Early on, ketchup functioned as a great equalizer, with a “special and unprecedented ability to provide something for everyone.” Tomato ketchup became “entrenched as the primary and most popular of condimental sauces, its appeal to Americans deep and widespread,” wrote food historian Elizabeth Rozin, who called it the “Esperanto of cuisine.” Ketchup functioned as a class leveler. Regardless of income or education, Americans could drop into a roadside diner or barbeque joint. Affordable to most, a burger and fries spiked with ketchup was a democratic, delicious lowest common denominator meal. Today ketchup’s appeal is in part because it embodies principles that Americans prize including consistency, value, and cleanliness. Moreover ketchup’s use, noted Rozin, was shaped by foods and meals that are perceived as “American” in their preparation and presentation: think hamburgers and fries, “ballpark” foods, fast food in general.
The rest of the world, for better or worse, regards ketchup as emblematic of U.S. cuisine, too—and the condiment continues to shape food everywhere it goes. In Japan, people love a cuisine known as yoshoku, which they also sometimes call “Western Food.” Yoshoku restaurants use a lot of ketchup. They serve a dish called naporitan, made of cooked spaghetti that is rinsed in cold water, then stir-fried with vegetables in ketchup. Omu rice is an omelet lying over a mound of ketchup-flavored rice. The hambaagu is a Japanese version of a hamburger patty, usually served bunless. Swedes love “Depression spaghetti”—ketchup poured over pasta as a sauce, as many Americans did during the 1930s and probably still do.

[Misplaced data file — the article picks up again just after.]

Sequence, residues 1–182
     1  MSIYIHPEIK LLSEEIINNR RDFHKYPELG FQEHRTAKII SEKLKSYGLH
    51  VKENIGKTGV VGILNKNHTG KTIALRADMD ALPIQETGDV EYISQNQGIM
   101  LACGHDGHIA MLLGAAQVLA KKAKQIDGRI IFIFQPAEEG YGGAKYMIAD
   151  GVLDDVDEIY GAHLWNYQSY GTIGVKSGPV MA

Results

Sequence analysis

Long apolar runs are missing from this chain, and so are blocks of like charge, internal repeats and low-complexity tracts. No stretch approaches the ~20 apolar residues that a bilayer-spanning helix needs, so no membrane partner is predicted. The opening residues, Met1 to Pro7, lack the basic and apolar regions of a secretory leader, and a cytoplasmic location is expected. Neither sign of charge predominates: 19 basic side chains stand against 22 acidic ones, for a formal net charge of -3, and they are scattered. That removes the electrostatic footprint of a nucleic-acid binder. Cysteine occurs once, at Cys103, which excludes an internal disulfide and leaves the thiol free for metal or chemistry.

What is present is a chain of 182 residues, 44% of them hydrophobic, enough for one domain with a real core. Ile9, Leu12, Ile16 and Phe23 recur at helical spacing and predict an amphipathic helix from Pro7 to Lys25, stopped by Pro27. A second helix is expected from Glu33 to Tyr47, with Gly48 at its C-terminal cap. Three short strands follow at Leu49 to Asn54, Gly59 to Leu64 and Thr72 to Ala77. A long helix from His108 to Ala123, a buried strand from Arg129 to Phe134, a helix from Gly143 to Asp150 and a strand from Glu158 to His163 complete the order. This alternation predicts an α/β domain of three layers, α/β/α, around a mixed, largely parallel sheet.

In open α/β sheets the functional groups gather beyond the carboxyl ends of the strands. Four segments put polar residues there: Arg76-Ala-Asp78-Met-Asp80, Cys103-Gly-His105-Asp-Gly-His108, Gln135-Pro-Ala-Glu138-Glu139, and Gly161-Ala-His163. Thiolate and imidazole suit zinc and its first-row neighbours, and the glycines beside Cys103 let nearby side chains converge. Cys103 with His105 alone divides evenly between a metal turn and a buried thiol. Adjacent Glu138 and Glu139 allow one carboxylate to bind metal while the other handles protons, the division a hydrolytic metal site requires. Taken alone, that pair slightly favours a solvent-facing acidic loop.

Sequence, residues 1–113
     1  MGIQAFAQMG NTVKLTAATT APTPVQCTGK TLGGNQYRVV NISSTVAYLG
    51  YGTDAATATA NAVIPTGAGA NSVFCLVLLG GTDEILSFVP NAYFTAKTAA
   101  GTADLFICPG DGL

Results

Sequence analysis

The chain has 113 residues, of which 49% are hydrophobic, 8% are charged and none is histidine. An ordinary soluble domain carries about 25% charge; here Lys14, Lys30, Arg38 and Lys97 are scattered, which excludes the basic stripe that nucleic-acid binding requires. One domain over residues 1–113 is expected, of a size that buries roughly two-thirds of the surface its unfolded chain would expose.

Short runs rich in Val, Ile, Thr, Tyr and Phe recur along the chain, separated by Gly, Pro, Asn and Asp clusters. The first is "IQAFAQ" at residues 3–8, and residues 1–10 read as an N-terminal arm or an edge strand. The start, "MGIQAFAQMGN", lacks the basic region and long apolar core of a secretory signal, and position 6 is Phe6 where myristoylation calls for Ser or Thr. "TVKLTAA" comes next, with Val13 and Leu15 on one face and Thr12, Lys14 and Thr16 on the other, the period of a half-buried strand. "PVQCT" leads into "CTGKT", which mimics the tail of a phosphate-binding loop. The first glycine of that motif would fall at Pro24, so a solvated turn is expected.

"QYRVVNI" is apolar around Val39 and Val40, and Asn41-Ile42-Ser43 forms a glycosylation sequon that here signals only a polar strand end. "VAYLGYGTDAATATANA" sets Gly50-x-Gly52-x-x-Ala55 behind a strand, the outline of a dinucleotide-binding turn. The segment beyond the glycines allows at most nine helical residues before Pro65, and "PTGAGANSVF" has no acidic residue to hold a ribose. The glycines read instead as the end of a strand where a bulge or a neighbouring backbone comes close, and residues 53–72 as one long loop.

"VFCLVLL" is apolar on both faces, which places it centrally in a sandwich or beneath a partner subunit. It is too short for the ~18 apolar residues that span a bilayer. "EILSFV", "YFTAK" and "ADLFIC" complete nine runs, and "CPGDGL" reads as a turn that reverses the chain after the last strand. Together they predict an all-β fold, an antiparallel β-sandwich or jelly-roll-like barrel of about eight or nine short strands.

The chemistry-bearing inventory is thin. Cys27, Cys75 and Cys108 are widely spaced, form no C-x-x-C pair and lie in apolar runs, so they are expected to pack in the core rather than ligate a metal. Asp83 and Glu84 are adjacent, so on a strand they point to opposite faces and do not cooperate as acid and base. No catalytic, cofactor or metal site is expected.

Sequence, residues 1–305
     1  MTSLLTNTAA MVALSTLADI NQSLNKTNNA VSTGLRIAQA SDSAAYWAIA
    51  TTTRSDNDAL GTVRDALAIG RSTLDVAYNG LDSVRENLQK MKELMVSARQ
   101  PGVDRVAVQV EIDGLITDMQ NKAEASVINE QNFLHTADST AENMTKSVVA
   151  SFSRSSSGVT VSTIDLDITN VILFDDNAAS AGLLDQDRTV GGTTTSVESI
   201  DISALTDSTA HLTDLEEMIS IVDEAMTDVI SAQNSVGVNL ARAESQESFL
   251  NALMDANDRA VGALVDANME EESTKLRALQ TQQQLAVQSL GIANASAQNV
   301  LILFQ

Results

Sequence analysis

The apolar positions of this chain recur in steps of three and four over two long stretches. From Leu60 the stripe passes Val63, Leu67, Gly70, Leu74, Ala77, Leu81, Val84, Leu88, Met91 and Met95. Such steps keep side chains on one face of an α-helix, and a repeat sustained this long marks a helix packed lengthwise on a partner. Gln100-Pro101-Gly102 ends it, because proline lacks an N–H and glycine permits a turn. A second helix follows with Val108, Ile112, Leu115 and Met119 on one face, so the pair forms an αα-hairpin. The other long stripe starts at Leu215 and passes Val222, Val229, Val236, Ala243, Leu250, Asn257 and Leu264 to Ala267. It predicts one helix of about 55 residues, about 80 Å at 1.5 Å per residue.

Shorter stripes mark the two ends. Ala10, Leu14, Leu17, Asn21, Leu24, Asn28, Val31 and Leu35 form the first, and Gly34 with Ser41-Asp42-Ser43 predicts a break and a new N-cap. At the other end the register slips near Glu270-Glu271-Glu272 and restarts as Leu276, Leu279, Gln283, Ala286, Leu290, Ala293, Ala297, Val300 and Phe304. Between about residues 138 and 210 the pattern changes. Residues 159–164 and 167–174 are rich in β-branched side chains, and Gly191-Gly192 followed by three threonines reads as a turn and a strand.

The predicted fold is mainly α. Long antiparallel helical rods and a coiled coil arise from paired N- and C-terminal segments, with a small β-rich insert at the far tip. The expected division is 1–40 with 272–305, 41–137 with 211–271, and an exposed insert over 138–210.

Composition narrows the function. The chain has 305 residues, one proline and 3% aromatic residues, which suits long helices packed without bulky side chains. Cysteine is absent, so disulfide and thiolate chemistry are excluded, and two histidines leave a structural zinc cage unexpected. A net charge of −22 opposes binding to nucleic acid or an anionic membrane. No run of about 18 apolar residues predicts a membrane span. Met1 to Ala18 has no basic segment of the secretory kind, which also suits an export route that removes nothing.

Today we’re seeing the growth of artisanal ketchups that may eventually erode some of Heinz’s market share, part of the larger trend toward specialized products that feature organic ingredients, fewer artificial additives, or lower sugar levels. But industrial ketchup, with its bright red color, its vinegary and sweet flavor, and its thick texture that pairs perfectly with starches and proteins, will remain a beloved and ubiquitous condiment, influencing American eating—and increasingly, food and cooking in the rest of the world, too.
Amy Bentley teaches food history at New York University. She’s the author of Inventing Baby Food: Taste, Health, and the Industrialization of the American Diet.
Primary Editor: Eryn Brown | Secondary Editor: Lisa Margonelli